The 612

The 612 by Rogues Gallery Arts

(Disclosure: I am currently in a show with one of the four writers.)

The 612 is a reference to the area code, and as such is composed of three short plays (with a fourth framing and weaving in between the others) about Minneapolis. All four are entertaining, and none of them is unpleasant to sit through. All four also do a nice job of sidestepping the easy, tired jokes about Minnesota (there is a reference to hot-dish, but it’s ironic).

The strongest of these was a short scene, taking place during a series of labor strikes — a brief moment of three disparate characters making contact with each other under violent, frightening circumstances. It manages to be touching while avoiding sentimentality, and does it so effortlessly that I think it’s easy to overlook how complex the scene is — I find one character’s act of brutal savagery at the beginning to be totally credible, and his later acts of reluctant sympathy to be equally credible, and that’s kind of remarkable.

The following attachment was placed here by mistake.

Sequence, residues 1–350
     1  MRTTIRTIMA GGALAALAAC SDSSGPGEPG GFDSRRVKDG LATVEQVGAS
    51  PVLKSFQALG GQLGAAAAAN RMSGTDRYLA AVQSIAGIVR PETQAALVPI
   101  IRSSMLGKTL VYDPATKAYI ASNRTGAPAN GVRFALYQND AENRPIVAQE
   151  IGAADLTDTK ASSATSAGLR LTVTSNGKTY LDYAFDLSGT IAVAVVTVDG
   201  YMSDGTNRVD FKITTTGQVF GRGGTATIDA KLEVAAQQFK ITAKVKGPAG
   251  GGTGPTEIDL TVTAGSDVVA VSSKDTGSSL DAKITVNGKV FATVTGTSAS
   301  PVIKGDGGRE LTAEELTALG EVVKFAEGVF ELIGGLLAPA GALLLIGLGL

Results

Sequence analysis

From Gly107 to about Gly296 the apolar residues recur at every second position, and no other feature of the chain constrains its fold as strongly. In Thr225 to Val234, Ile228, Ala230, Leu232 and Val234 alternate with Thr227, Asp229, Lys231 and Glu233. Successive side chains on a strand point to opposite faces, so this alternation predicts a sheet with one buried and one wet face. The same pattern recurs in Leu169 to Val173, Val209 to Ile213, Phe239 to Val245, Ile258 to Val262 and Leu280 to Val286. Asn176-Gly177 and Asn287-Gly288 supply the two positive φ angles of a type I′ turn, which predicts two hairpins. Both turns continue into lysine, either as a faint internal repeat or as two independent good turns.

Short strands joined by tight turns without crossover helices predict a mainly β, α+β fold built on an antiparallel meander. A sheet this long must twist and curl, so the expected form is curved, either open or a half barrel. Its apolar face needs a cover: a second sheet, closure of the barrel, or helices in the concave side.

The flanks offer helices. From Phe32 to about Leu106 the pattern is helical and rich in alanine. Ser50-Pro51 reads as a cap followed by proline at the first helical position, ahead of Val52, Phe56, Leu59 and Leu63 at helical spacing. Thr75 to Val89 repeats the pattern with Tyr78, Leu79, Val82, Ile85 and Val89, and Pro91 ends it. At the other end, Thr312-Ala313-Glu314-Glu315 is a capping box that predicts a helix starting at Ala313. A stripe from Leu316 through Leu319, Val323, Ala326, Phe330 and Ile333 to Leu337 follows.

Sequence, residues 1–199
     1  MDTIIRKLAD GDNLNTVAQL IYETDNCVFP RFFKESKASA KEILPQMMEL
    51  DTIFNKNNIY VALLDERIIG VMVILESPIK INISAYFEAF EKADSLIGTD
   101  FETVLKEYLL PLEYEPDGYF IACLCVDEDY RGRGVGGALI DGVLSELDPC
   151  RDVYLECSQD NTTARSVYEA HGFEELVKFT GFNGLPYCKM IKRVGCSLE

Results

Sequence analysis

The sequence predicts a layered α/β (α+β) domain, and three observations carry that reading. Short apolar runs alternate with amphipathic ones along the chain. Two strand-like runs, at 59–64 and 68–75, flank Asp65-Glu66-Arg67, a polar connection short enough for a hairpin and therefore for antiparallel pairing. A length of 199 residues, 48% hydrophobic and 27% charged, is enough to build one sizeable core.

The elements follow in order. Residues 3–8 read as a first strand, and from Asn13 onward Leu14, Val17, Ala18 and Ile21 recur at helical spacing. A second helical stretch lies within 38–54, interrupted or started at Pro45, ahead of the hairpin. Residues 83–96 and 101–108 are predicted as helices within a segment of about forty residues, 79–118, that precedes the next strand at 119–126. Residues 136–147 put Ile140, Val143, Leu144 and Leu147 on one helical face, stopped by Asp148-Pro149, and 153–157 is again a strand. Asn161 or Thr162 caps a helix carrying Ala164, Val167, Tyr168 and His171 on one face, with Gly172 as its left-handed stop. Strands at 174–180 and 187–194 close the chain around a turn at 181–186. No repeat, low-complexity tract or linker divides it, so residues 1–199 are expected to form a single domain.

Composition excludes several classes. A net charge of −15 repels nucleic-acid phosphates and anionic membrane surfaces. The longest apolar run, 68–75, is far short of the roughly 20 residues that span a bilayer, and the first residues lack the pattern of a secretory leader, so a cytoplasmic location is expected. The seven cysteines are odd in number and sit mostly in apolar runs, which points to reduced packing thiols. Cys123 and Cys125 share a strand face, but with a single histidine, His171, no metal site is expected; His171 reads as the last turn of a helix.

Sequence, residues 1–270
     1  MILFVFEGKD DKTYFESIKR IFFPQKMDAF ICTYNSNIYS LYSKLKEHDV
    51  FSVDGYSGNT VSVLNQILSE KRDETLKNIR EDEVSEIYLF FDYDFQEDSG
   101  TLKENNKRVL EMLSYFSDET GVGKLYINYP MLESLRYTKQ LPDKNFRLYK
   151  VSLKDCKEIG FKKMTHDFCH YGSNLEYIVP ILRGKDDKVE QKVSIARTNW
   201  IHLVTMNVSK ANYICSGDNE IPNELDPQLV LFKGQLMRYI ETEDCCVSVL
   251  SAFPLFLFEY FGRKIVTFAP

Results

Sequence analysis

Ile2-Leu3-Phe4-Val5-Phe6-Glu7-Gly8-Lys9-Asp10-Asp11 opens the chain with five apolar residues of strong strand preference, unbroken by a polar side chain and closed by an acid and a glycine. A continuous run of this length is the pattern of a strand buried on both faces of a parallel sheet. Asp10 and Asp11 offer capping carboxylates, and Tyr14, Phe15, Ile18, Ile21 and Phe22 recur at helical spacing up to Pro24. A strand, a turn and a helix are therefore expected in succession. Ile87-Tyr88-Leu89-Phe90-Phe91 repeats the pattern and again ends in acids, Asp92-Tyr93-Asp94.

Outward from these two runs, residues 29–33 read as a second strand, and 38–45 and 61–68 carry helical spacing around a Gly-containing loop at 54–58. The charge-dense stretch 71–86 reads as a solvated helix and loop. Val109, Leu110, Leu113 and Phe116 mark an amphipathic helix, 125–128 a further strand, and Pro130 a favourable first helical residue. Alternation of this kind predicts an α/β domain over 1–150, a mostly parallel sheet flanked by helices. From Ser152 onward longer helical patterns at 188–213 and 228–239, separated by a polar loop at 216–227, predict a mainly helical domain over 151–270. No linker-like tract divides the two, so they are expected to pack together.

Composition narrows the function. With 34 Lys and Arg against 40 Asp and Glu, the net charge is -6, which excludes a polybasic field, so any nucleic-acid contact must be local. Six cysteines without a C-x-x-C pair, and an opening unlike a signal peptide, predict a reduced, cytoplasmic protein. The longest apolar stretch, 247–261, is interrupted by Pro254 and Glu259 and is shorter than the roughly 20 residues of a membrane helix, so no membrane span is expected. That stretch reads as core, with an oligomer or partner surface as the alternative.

The weakest scene was the most abstract, almost absurdist. Actually, I found the writing to be quite lovely, a pair of characters communicating in a series of recurring, lyrical fragments. The performers seemed competent, but I think that they (or the director) made a poor decision — to perform the piece in a kind of cutesy, cartoonish, over-the-top style. Perhaps the sense was that the writing was stylized, so the performance should be, as well, but I disagree — I think the piece would have been beautifully effective if the performances had been understated, naturalistic, engaged with as though they were saying nothing unusual at all.

I’ve expressed a deep, abiding love for this strange, schizophrenic city, and the four disparate pieces did an excellent job of expressing that. I left the theatre, stepped into Uptown, and began the walk to my car positively buoyant. There’s a lot of local color in the Festival this year — but this was the one that, perhaps because of its very lack of focus, reminded me of why.


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